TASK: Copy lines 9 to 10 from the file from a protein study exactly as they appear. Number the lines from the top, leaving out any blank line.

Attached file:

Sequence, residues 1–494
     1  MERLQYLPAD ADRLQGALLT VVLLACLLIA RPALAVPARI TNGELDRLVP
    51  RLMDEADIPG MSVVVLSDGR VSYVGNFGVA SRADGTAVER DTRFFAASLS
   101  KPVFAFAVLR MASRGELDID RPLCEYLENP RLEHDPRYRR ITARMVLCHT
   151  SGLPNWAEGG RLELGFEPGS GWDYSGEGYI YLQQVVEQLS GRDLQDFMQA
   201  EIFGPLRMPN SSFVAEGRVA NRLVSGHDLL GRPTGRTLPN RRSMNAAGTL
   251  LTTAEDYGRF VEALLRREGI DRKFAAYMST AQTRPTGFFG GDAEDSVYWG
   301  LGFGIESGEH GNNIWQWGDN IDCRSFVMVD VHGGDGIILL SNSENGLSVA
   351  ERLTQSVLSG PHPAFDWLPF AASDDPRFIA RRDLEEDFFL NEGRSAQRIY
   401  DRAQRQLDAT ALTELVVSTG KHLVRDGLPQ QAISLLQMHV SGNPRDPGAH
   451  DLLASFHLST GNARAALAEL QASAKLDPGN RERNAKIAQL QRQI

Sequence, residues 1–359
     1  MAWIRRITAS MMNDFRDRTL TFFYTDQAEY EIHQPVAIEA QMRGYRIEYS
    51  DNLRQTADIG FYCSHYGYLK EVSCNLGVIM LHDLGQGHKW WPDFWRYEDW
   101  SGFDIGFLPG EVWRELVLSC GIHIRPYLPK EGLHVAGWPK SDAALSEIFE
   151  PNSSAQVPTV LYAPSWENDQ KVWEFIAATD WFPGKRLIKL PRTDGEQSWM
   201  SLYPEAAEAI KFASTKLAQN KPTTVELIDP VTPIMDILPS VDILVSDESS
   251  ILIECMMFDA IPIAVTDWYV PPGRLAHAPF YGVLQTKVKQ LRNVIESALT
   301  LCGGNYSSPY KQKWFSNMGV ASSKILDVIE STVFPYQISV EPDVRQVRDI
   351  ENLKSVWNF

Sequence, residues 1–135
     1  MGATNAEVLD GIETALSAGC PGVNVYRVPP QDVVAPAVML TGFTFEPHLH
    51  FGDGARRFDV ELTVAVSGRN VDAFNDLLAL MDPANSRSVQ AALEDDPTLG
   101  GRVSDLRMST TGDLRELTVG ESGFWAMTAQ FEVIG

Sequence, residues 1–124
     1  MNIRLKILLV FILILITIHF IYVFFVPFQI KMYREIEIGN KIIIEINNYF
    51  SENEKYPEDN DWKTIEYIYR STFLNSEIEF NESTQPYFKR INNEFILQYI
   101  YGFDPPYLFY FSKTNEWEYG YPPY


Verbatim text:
   351  ERLTQSVLSG PHPAFDWLPF AASDDPRFIA RRDLEEDFFL NEGRSAQRIY
   401  DRAQRQLDAT ALTELVVSTG KHLVRDGLPQ QAISLLQMHV SGNPRDPGAH